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Obama gets weekly tutorials in terrorism

Three more people are in custody after raids related to the failed bombing May 1 in Times Square. Their arrests follow that of Faisal Shahzad, who is suspected of carrying out the attempt.

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By Anne E. Kornblut
Washington Post Staff Writer
Thursday, May 6, 2010

After a car bomb nearly detonated in Times Square on Saturday night, White House officials convened a series of impromptu briefings to keep President Obama updated as the suspect was identified, located and caught trying to flee the country.

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But for the bigger questions on the global terrorist threat and how the administration can prevent an attack on U.S. soil, there is already a meeting on the books.

Call it the terrorism tutorial.

Almost every week, often on a Tuesday, Obama heads into the White House Situation Room for a meeting that explores terrorism-related subjects in depth. Rarely discussed in public, the hour-long briefings have become one of the most significant gatherings in the West Wing, bringing together Cabinet-level intelligence and security officials "to make sure everybody hears the same information and is updated on the threats," one participant said.

Several weeks ago, the terrorist-threat briefing was about al-Qaeda's bomb-making capabilities. Obama listened as FBI Director Robert S. Mueller III reviewed the forensics test results of an explosive used in an attempted airline attack on Christmas Day. Senior intelligence officials discussed the man in Yemen thought to have made the device, who is now a top target of U.S. surveillance, said four people who were present. Participants also talked about the "broader context," including "what we know about the explosives al-Qaeda uses and what we are doing to screen for them," one said.

Other weeks, the topics have been airport screening measures or specific al-Qaeda members being watched.

A three- or four-page briefing packet, stamped "Secret," is prepared for the president before each meeting. It includes background material on the day's topic as well as a list of the top U.S. terrorism hot spots around the globe, with photographs of suspected terrorists.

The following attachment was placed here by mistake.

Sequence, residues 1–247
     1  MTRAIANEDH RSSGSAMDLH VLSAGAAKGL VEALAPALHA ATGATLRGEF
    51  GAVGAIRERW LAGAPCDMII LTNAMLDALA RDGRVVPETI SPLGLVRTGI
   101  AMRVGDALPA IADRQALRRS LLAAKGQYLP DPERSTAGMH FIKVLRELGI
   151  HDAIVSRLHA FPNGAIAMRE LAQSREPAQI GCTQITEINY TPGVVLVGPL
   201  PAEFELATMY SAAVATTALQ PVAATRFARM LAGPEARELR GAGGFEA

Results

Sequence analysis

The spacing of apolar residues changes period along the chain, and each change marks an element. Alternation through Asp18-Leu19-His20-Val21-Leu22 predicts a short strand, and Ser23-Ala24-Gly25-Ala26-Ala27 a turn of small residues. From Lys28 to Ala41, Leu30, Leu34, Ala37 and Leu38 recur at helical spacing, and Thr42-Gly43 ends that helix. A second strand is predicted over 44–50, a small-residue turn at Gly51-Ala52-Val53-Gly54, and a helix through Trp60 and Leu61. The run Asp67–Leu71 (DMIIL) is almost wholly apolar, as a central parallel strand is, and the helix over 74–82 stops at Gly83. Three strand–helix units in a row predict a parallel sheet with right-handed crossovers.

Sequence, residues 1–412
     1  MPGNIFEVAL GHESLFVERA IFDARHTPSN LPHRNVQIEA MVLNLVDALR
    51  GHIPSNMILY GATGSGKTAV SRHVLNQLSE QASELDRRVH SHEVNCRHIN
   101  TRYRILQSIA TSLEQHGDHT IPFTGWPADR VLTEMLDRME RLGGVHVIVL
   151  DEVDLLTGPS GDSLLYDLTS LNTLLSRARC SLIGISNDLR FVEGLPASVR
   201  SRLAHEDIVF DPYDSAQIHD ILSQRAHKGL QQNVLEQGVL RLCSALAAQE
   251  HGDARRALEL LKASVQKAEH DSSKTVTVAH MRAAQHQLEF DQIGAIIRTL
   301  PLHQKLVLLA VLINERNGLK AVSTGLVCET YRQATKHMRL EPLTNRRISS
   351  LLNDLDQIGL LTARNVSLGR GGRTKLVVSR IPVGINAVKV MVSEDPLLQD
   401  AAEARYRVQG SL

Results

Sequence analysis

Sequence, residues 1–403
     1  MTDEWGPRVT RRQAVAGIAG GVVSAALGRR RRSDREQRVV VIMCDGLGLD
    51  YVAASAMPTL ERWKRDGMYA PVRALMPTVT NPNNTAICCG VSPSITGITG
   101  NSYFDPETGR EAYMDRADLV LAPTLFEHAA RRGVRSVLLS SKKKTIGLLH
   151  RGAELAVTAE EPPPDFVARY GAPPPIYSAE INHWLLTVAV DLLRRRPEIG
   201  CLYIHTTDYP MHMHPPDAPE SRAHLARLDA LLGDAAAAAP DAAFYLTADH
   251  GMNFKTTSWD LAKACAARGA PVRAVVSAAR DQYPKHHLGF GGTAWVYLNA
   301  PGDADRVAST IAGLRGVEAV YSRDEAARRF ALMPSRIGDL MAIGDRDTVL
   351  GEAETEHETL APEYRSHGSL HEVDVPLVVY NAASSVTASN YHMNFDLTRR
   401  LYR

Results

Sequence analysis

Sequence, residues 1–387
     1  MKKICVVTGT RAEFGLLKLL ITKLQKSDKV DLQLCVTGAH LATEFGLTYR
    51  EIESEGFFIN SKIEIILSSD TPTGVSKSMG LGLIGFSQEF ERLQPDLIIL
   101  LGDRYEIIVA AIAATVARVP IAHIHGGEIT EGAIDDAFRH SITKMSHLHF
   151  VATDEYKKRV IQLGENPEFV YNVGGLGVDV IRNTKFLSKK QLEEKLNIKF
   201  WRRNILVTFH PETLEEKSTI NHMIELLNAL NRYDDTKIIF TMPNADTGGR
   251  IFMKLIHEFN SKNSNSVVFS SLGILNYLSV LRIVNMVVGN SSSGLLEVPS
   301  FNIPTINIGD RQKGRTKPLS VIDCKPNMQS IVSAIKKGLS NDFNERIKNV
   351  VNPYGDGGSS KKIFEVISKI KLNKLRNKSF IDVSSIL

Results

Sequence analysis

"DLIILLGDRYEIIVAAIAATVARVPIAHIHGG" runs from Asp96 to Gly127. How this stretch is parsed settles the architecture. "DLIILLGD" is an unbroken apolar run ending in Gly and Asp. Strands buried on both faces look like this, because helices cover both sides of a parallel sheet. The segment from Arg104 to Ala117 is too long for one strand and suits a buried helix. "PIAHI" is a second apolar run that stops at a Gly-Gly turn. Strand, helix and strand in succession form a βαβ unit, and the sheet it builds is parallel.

For Obama, the meetings are an opportunity not only to get updates on threats and the latest prevention tactics, several participants said, but also for discussing broader anti-terrorism strategies. The president often raises questions about what causes someone to become a terrorist. That topic was especially relevant this week, with the news that a naturalized U.S. citizen originally from Pakistan, with no previous history of extremist tendencies, was implicated in the Times Square incident.

Even before this week, Obama had brought up the subject of radicalization on several occasions, regular participants in the meetings said, in part because it is a complex problem that falls under no single agency's jurisdiction. "We don't have a Department to Dry Up Pools of Candidates Who Want to Kill Themselves," one senior administration official said.

Eight administration officials who have attended the meetings agreed to describe them on the condition of anonymity.

Referred to by staff members during the Bush years as "Terror Tuesdays," the meetings began as an outgrowth of the Sept. 11, 2001, attacks. Once a daily occurrence, they originally lasted 20 to 30 minutes and were added on at the end of the presidential daily briefing -- the security update that the president receives from the CIA each morning -- and focused largely on threats and incidents.

During the transition, outgoing Bush administration officials strongly urged the Obama team to retain the practice, current administration officials said. Today, they are led by John O. Brennan, the top terrorism adviser at the White House.


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